Five Questions with Jessica Henry
Executive director, Allen County SPCA
1 What’s the status of animals currently in the shelter? How are they being cared for?
The shelter is currently empty! By the close of business on Saturday, April 4, we had just five dogs in the building, four adoptable and one compassion foster dog who belongs to a local person who is currently too ill with pneumonia to care for him. We also had eight cats. The following day, the four adoptable dogs and all of the cats were placed in foster homes, and the remaining dog was transported to Law’s Country Kennel, because they’re currently helping us with overflow.
2 What does the shelter need from its supporters now? Donations? Foster homes?
Right now our focus is on returning to our community the kindness that so many have shown us over the years. So any donations in the way of pet supplies are being repackaged and distributed daily during our pet food bank hours – twice daily, Sunday through Friday, 9 a.m.–10 a.m. and 4 p.m.–5 p.m., and Saturdays from 9–10 a.m. Of course, like any nonprofit, our funding is finite, so if people do have the means to support us financially, we are accepting monetary donations through our website, humanefw.org, and via U.S. mail. We still have staff in the building every day taking care of the business aspects of our programs.
3 You’ve made an offer to help through the shelter’s Pet Promises program. What services are available?
In addition to our daily pet food bank, we have fosters and kennels at the ready to assist with care for people directly impacted by COVID-19. We also know that people may find themselves in housing transition in the weeks ahead. For those folks who need temporary care for their animals until they find suitable housing for themselves and their pets, we will offer foster care. Finally, we have always offered compassion fostering for the pets of victims of domestic violence. Especially now, when tensions are running higher than usual and families are under duress, we will offer safe harbor for the cats and dogs of people fleeing domestic violence.
The process for these programs is simple. For the pet food banks, we require nothing more than a need for pet food. No ID, for example. For the compassion foster programs, we have simple forms that can be completed via email or even over the phone, if necessary. We can transport the animals back to the shelter where they’ll receive any necessary services and then be placed into the appropriate foster setting. We are monitoring our voicemails at (260) 744-0454.
4 What are you expecting in the weeks ahead? Do you expect to see more pet surrenders?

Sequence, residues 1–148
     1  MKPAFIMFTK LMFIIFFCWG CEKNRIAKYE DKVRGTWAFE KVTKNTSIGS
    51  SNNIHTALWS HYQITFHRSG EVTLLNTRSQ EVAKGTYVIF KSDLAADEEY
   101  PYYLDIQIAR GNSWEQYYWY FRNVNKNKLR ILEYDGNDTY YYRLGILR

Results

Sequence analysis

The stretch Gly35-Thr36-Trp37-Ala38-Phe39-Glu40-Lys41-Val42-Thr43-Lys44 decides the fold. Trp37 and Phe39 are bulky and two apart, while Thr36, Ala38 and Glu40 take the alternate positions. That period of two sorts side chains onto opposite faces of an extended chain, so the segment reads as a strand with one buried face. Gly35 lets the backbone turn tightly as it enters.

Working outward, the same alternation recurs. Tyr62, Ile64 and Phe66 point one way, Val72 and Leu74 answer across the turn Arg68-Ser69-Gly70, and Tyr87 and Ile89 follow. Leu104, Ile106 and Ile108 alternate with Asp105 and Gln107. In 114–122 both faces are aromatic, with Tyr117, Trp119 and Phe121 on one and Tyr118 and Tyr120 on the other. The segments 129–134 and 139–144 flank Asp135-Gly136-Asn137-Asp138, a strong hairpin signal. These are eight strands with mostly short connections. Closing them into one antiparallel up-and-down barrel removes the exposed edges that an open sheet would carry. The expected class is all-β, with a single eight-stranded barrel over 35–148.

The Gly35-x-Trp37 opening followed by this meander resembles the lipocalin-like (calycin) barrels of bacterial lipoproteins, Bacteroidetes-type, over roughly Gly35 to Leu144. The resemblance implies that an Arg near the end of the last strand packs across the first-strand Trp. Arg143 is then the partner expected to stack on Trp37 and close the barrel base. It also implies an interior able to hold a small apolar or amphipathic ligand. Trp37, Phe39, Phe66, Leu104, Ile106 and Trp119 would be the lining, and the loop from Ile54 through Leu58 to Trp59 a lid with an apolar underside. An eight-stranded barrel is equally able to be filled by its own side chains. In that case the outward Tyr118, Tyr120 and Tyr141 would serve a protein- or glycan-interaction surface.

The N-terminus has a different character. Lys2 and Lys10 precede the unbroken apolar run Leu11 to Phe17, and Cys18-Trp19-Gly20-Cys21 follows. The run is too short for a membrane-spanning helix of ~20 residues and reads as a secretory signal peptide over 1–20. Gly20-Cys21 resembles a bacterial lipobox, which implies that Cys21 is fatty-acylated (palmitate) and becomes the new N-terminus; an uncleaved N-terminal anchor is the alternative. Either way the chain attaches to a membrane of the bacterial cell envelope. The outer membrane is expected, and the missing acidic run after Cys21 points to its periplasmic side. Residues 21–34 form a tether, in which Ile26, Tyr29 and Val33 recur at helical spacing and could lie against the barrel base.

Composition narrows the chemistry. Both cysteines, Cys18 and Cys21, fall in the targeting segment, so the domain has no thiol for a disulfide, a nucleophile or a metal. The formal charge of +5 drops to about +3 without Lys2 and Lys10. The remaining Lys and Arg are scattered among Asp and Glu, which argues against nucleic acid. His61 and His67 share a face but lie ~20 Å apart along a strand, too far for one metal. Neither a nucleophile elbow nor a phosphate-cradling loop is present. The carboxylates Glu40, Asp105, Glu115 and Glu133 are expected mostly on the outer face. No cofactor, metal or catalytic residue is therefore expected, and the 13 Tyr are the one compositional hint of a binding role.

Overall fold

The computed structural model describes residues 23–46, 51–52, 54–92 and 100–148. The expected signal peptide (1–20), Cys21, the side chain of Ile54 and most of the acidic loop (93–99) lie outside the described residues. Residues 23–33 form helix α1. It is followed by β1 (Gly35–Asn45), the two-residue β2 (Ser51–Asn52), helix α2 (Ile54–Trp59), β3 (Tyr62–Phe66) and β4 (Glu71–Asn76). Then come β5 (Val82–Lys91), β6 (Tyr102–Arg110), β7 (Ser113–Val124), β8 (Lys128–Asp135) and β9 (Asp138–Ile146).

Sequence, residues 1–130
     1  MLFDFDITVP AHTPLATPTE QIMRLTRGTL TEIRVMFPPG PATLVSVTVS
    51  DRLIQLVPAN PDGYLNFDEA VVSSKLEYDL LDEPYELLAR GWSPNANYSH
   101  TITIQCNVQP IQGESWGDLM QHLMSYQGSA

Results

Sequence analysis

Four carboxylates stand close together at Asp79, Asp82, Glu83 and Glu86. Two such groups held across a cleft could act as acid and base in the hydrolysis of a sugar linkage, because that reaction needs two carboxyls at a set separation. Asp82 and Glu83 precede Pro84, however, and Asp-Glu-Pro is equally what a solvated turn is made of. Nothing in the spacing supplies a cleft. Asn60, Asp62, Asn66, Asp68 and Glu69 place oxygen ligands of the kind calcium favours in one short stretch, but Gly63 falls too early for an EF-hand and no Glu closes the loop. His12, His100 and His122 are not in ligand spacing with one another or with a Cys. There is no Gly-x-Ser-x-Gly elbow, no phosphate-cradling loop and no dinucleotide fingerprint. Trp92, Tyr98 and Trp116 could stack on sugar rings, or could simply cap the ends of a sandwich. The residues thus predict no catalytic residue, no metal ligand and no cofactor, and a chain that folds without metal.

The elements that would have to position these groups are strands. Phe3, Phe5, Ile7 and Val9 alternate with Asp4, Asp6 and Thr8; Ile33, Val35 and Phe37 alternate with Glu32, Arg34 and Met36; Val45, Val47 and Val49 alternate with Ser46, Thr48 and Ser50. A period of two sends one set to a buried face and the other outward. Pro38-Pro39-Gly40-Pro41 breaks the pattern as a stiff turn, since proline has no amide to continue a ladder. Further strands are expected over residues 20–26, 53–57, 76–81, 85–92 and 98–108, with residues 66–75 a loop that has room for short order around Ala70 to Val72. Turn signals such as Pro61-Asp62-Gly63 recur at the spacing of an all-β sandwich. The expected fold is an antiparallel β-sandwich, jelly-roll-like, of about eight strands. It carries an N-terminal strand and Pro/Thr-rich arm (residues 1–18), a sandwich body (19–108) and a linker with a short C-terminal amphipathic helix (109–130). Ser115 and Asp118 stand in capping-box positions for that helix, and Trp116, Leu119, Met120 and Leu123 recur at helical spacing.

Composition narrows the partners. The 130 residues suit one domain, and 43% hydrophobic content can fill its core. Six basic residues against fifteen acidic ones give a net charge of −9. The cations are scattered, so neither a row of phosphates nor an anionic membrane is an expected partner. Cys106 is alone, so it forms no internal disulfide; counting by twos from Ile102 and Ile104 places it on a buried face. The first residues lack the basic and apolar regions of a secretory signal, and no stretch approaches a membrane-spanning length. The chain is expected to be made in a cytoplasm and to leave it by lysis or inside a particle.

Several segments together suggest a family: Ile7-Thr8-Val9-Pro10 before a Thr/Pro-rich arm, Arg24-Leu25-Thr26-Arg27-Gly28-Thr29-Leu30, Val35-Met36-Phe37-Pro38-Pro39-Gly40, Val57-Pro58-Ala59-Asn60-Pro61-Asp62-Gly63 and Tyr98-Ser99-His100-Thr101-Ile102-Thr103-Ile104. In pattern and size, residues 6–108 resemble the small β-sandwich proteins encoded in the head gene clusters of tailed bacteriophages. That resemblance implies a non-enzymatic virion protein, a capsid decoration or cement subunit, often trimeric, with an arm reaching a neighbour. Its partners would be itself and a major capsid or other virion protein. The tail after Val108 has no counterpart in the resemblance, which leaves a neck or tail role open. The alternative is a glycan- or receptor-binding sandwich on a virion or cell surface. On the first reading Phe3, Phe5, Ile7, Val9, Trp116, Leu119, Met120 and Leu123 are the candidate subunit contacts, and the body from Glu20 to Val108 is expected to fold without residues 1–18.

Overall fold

We are practically begging people not to surrender or dump their animals right now. Shelter space is at a premium so that we can help those pets who need us the very most. We anticipate an increased need for pet food and supplies, and we are bracing ourselves – as Allen County approaches its peak of COVID-19 – for many, many pets to require temporary housing. Recent studies indicating that domestic animals may now test positive for this strain of coronavirus won’t help matters. Those pets should be kept in the homes of COVID patients as much as possible, but separate from the patient, just as is recommended with human family members. But, in the event that a patient lives alone and there are no other friends or family to help, we want to be there to provide compassionate care for those animals.
5 We’re learning much about emergency preparedness. What should pet owners do to prepare for a crisis?
First, today, while people are healthy, we recommend they reach out to friends and family who would be willing to care for their pet for at least two weeks. Make sure to have their contact information readily available and prominently posted in the home in case of an emergency.
Next, put together an emergency “go kit” for the pet that includes copies of their vet records, a crate, food for at least two weeks, and any medications and other supplies the pet might need. If one normally boards their pet when they travel, reach out to the boarding facility to see if they have space to house the pet should they need them, and then be sure to arrange transportation of the pet to the boarding facility.
Pet supply stores are still considered essential, so people can stock up on pet items to ensure they have everything they need for the weeks and months ahead.
And, if they can’t currently afford those supplies, see us. We can help!